I dreaded waking up the following morning and feeling the pain all over again when I remembered the match. I also knew that the gloom wouldn’t go away until well into the week and, when it did, it would be replaced by foolish optimism that City would win next weekend and we would all be celebrating again. Yet again my weekend will be ruined by raised hopes being crushed.

The stress and misery is part of being a football fan and I accept that, but why can’t we have a season where we win more than we lose? Why can’t we have players who do their job properly and excite us with brilliant football? I occasionally fantasise about a safe, boring midtable season with little stress. The night before travelling to Morecambe I met up with a Burnley supporting friend who ridiculed me mercilessly about City’s recent efforts. How I wish we could be Burnley, always finishing mid table with no promotion or relegation concerns. Great, now I’m jealous of a Dingles fan!

Our party travelling to Morecambe was unexpectedly boosted by two extra people, one who stopped going to watch City during the Todd reign and another who had not been since the Premiership adventure. As we drove home I thought about what they had both missed since giving up on City. What truly great moments has there been? The occasional memorable victory, but that’s it. No promotion challenges, no cup runs; continuing survival has been the only thing we’ve been able to get excited about.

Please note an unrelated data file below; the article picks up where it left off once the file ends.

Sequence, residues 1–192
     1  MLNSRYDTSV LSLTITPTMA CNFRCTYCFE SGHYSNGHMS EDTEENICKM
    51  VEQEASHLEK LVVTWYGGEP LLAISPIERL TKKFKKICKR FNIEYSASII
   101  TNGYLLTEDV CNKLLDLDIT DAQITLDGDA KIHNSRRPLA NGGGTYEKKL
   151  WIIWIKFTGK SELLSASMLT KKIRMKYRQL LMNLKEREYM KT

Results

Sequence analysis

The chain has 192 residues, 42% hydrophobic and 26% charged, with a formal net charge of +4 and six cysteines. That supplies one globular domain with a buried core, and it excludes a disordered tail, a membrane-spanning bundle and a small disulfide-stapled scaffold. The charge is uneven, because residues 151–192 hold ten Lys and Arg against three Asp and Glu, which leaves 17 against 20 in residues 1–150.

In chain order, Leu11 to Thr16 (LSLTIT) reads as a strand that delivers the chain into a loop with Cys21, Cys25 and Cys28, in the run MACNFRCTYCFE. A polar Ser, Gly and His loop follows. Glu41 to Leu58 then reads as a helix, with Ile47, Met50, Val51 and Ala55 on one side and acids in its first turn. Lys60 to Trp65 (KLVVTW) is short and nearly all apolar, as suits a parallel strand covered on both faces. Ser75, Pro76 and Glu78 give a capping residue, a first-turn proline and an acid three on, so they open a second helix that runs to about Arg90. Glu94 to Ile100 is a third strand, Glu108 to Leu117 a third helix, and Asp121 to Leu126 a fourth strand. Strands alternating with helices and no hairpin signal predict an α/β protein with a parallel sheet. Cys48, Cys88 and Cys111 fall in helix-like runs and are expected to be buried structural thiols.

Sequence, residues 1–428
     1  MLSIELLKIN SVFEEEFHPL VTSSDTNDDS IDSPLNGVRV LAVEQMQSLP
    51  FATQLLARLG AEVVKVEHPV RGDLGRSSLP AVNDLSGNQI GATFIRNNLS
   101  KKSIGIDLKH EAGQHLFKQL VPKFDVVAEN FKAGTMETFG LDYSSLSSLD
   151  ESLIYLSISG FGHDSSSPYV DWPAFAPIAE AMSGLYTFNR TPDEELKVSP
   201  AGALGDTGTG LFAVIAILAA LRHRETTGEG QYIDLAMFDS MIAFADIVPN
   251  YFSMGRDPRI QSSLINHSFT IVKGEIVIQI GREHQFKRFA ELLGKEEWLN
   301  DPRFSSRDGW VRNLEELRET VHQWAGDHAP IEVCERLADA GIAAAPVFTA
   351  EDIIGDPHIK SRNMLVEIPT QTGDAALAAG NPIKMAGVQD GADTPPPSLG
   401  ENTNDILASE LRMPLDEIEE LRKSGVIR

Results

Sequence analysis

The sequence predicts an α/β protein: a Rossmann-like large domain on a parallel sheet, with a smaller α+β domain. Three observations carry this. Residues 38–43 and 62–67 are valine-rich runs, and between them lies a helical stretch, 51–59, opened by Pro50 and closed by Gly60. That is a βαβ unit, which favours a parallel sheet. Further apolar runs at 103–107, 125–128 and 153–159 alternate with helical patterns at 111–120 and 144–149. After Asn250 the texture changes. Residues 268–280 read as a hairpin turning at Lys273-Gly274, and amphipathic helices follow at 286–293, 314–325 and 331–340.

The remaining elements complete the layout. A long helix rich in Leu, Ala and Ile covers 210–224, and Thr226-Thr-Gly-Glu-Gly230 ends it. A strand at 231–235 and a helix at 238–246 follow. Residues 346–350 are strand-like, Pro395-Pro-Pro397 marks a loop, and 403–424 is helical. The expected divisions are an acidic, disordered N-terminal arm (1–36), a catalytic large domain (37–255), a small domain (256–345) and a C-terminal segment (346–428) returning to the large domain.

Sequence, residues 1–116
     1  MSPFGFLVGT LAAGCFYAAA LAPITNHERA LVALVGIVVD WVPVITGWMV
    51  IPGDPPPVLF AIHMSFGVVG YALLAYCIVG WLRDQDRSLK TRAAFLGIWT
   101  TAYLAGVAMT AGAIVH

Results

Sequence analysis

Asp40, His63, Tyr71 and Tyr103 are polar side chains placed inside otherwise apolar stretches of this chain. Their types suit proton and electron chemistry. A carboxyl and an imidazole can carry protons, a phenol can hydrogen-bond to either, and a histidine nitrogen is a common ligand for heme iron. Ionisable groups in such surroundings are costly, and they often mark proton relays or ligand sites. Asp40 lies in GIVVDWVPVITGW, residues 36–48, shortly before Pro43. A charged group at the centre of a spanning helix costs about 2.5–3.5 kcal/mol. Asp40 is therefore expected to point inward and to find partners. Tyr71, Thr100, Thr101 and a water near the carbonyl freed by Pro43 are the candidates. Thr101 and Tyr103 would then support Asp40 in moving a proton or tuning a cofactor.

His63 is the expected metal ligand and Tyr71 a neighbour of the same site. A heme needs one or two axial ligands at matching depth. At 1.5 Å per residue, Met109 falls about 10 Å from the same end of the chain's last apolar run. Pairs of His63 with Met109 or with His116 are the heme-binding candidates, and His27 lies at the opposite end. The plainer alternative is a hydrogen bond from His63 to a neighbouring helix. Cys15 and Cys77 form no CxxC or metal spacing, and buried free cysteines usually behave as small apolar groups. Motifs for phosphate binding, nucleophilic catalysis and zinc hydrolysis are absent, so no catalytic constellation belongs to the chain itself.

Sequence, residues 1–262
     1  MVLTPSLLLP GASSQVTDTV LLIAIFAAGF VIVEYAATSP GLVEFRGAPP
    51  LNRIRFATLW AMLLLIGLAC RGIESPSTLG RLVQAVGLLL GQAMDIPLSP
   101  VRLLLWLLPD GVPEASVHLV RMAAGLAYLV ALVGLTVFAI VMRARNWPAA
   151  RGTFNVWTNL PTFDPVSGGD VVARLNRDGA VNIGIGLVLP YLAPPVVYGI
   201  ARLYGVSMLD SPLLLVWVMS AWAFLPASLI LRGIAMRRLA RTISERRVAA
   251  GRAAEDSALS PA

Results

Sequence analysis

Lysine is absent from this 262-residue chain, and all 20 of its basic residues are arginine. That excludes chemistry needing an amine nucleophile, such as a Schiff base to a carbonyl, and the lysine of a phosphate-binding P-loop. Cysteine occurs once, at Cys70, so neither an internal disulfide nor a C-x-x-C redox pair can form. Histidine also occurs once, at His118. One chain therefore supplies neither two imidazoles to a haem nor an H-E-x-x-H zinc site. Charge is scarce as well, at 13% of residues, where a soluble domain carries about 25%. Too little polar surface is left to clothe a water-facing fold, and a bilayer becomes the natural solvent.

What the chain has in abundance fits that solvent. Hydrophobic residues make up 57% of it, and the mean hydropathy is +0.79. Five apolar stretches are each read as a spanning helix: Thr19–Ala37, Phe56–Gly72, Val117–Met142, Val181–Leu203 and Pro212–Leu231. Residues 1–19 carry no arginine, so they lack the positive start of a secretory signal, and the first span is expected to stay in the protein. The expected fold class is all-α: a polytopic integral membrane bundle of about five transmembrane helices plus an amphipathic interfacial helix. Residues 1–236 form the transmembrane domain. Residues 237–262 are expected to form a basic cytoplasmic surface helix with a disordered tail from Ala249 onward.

The return of Stuart to City as manager seemed to herald a change in fortune, especially with new investment and phenomenal season ticket sales quickly following. Yet so far it hasn’t happened and Stuart is probably still realising the size of the task he has in turning this club around.

With just six senior players when he took over, Stuart had to bring in a near full squad of new players. It’s becoming painfully clear that certain members of the existing squad aren’t good enough to challenge for promotion or play for the best supported club in the division; whether it be for their ability or attitude. Stuart has spoken of bringing in new blood but, while there is some money to spend, it will need to be loan players until January. By and large, we’re stuck with the present lot until then.